Why read this? : We share thoughts from the recent launch of our first Three-Brains Spreadshirt shop. Learn the steps we took to get to the launch. For example, how we came up with our first designs and the technicalities of setting up the shop. Plus, we share what’s coming next. Read this for ideas on what it takes to launch a Spreadshirt shop.
We launched our first online shop for Three-Brains today. That might not sound like big news. But it is for us.
Because we’d to do a whole bunch of things for the Three-Brains Spreadshirt shop to launch
In this article, we’ll share what some of those things were. So if you’re thinking about setting up an online store, you can follow the steps we took.
To do that, we’ll go back over that opening sentence.
First, the word “first”. Then “online shop”. And finally “launched”.
“First” online shop launch
As one of the “brains”of our Three-Brains deals with e-commerce, we want to make sure we have content and experiences which puts those skills into practice. Setting up our Three-Brains Spreadshirt shop is only our first entry into selling online as Three-Brains. We believe there’s more content and experiences we can add in the future.
The set-up and launch of the store followed the principles of our setting up an online store guide. The shop acts as a live working case study for us.
We’ve started with Print On Demand. But as per our how to start selling online guide, there are many more e-Commerce channels including marketplaces, dropshipping and working with online retailers.
All of which we plan to look at in the future.
Print On Demand - fast and cheap
We picked Print on Demand because it’s relatively fast and cheap to start selling online. The infrastructure to sell is set up for you, and you only have to focus on your designs.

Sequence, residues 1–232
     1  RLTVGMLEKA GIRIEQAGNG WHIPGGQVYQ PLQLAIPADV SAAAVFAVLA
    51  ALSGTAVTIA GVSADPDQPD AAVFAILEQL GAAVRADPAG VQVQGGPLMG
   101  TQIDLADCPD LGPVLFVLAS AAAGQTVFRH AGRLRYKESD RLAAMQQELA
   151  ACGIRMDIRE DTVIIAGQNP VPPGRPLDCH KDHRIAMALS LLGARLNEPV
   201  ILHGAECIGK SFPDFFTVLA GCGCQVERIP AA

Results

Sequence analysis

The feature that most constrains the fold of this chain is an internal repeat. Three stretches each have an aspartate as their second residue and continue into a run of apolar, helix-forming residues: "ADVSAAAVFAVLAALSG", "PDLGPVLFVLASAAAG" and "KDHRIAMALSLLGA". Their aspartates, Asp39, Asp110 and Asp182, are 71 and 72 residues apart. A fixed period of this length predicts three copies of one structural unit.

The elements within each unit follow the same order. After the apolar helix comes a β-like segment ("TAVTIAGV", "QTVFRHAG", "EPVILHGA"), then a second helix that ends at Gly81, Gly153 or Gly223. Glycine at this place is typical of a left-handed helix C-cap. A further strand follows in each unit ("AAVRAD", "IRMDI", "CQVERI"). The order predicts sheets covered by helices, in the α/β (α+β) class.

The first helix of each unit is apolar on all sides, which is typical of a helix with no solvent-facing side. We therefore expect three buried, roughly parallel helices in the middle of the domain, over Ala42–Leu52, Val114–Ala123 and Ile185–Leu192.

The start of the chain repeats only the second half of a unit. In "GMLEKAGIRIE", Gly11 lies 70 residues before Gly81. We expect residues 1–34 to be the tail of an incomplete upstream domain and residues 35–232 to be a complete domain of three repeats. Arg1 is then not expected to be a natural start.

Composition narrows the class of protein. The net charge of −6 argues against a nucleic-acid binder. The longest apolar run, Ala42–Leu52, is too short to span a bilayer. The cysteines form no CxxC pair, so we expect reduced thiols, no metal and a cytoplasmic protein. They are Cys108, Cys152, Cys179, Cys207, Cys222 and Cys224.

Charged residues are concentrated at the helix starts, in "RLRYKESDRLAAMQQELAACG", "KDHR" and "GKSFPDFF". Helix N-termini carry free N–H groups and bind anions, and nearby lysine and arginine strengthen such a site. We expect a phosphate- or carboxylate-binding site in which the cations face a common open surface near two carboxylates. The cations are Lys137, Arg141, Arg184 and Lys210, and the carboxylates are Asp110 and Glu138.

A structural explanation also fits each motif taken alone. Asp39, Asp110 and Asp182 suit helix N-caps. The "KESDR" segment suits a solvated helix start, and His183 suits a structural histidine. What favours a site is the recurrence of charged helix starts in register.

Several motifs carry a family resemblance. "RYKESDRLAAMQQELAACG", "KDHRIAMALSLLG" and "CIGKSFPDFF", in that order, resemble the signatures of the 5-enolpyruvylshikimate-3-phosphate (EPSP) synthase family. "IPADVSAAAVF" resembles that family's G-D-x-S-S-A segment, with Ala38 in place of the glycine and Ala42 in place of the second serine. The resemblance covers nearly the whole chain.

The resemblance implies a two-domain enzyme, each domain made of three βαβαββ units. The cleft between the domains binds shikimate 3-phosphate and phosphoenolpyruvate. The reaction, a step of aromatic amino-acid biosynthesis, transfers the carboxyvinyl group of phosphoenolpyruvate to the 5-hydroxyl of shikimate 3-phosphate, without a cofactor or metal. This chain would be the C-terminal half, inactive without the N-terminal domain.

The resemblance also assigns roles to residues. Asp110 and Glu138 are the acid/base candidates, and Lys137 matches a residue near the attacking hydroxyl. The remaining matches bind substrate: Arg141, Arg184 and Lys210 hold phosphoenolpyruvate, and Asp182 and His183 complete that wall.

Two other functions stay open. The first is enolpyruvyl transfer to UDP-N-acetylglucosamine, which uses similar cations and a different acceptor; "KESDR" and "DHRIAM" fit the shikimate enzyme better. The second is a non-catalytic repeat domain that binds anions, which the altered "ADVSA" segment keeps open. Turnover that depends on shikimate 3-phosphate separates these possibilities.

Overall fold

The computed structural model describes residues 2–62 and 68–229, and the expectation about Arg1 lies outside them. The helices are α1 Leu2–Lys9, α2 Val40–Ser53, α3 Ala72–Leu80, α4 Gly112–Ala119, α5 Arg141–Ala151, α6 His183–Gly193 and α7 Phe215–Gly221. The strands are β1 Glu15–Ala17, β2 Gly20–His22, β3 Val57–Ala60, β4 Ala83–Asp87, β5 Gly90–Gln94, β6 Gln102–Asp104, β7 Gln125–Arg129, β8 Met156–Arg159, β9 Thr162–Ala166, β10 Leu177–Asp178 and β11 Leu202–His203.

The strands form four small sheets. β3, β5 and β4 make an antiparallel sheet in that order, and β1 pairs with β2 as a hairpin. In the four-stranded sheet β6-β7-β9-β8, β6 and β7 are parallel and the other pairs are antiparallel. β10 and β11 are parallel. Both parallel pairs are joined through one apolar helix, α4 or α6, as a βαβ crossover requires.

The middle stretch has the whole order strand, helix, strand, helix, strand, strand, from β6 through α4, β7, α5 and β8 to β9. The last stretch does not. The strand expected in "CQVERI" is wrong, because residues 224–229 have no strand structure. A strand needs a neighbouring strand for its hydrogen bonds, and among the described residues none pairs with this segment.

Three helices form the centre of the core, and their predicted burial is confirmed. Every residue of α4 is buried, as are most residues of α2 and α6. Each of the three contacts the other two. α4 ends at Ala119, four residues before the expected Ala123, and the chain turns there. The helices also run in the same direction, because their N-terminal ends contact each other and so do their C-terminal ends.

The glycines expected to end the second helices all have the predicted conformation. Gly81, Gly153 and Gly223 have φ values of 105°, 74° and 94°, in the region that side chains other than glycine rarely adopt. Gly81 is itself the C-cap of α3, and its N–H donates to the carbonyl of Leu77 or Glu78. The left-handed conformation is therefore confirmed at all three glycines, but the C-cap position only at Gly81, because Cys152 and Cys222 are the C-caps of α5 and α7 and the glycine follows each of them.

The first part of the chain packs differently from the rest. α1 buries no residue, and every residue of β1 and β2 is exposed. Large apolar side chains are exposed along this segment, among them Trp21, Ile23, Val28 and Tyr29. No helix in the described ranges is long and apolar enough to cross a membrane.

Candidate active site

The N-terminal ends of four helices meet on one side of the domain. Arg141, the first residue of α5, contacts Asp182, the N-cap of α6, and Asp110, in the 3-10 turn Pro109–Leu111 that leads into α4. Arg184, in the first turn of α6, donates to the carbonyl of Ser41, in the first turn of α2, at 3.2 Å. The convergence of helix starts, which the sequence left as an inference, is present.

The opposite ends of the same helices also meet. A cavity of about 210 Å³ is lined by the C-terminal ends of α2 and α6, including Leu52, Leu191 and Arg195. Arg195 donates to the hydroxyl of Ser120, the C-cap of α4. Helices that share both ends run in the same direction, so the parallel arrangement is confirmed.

We still had to apply many of our marketing and creative skills though.
For example, we’d to carry out market research to define who the designs were for. We’d to think about how designs would fit our brand identity. And of course, we’d to use our graphic design tools skills, especially Adobe Illustrator to actually produce the designs.
Online T-shirt Store Concept designs
We had an initial idea generation session around what we could do, and then used secondary market research to refine the ideas.
We used Google Trends and Google Ads keywords to see what was popular around the themes we came up with for our designs.
The first concept related to introverts.
We’ve seen a lot of social media coverage on introverts versus extroverts in the past few years.
The secondary research confirmed people still search on introversion. But when we looked at what other T-shirt designs for Introverts were around, though some were OK (eg. this INFP T-shirt), most were a bit lame.
They seemed same-y, and didn’t have the depth of thinking we thought introverts would like.
With Christmas coming up and knowing what an introvert’s ideal Christmas looks like, that’s when our creative thinking kicked in.
We had this idea of an ideal “Christmas Day in the life of an introvert” design. Check out our design notes for more on the background to this.